In PLOS Genetics, researchers from the Geisel School of Medicine at Dartmouth present findings from a "dual-seq" transcriptomic analysis of bacterial cultures containing both Pseudomonas aeruginosa and Candida albicans, including clues to the interactions between these pathogens. In the dual-seq study, the team did RNA sequencing on cultures of P. aeruginosa grown alone, growth with wild type C. albicans strains that make ethanol, or grown with versions of C. albicans missing an ethanol-producing ADH1 gene, and used the transcript data to investigate interactions between the ethanol and activity by PhoB and other phosphatase enzymes in P. aeruginosa. From these and other findings, the authors suggest that "C. albicans-produced ethanol stimulates P. aeruginosa PhoB activity and [antifungal 5-methyl-phenazine-1-carboxylic acid]-mediated antagonism, and that both responses are dependent on local phosphate concentrations."
A team from the Key Laboratory of Medical Virology and Viral Diseases and other centers in China takes a look at the genetic diversity and phylogeny of viruses from the Hantaviridae family, which can cause hemorrhagic fever with renal syndrome, for a paper in PLOS Neglected Tropical Diseases. Using genome sequence data for hundreds of Hantaan orthohantavirus strains collected in China, South Korea, Russia, and other sites since the mid-1970s, the researchers retraced the history and evolution of the Hantaan virus (HTNV), identifying 11 HTNV clusters as well as clues to its spread and population sizes in different parts of China over time. "These findings revealed the original and evolutionary features of HTNV, which will help to illustrate hantavirus epidemic trends, thus aiding in disease control and prevention," they write, noting that the genetic results support the notion that HNTV may be held in check with the help of rodent control efforts.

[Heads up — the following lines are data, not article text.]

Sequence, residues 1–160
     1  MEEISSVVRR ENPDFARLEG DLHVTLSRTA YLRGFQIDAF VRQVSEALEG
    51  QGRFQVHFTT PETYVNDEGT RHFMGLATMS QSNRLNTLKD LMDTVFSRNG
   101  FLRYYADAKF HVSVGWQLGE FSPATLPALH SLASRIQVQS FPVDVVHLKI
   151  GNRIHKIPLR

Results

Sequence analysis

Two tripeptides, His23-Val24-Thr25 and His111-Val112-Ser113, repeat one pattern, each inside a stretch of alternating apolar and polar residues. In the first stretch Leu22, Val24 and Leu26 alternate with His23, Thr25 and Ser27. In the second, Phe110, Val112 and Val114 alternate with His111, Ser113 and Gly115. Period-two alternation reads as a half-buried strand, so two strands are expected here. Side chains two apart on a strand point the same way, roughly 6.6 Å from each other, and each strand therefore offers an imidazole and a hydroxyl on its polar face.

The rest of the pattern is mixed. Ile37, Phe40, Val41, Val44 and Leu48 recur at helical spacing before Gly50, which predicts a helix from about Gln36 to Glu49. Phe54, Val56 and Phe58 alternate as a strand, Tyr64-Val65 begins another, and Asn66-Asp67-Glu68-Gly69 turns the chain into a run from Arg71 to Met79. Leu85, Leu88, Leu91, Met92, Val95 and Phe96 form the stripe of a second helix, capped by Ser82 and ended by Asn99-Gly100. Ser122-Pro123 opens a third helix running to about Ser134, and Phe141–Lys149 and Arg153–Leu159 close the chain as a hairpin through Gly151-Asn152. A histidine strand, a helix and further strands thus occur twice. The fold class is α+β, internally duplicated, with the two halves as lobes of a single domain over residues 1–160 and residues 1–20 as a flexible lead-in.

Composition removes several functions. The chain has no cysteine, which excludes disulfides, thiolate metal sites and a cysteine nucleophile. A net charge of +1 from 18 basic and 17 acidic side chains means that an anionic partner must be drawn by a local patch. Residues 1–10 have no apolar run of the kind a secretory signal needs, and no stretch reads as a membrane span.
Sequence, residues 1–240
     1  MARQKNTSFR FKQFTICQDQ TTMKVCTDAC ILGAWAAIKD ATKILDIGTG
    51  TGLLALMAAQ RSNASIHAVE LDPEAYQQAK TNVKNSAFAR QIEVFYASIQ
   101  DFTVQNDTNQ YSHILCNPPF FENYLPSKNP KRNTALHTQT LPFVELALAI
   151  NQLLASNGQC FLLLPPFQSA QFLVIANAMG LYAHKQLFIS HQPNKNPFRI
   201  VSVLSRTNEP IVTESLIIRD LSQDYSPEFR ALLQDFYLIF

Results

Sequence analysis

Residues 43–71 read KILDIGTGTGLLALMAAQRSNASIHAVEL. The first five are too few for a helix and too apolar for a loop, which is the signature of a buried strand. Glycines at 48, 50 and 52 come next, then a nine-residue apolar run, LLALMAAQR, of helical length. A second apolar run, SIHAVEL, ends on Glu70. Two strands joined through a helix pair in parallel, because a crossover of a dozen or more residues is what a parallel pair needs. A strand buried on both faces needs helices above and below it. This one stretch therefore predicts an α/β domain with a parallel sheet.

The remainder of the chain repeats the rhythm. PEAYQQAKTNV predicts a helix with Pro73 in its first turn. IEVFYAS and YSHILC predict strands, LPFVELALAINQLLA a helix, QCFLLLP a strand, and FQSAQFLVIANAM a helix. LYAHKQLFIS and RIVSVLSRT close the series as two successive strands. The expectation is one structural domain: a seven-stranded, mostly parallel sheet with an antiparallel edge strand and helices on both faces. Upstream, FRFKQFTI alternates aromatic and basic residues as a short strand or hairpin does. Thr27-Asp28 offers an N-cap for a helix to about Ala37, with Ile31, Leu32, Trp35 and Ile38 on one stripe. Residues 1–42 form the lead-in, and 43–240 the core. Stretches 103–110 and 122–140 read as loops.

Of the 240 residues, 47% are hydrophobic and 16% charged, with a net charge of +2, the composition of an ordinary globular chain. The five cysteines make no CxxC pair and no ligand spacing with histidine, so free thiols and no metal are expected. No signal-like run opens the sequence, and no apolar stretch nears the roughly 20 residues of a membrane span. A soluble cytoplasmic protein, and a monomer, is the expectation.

For a paper in PLOS One, investigators at the National Chiao Tung University, Chinese University of Hong Kong, and elsewhere introduce the sudden cardiac death-associated variants annotation database (SVAD) — a collection that houses more than 1,200 variants implicated in inherited forms of cardiac disease. The team notes that roughly one-third of variants included in SVAD so far were classified as pathogenic or likely pathogenic based on guidelines provided by the American College of Medical Genetics and Genomics. "The SVAD currently represents the most comprehensive source of information regarding non-ischemic [sudden cardiac death]-associated variants, thereby providing an overview of know genetic information," the authors write, calling the database "a valuable source of integrated information on the spectrum of disease-associated variations, thereby benefiting clinicians and researchers."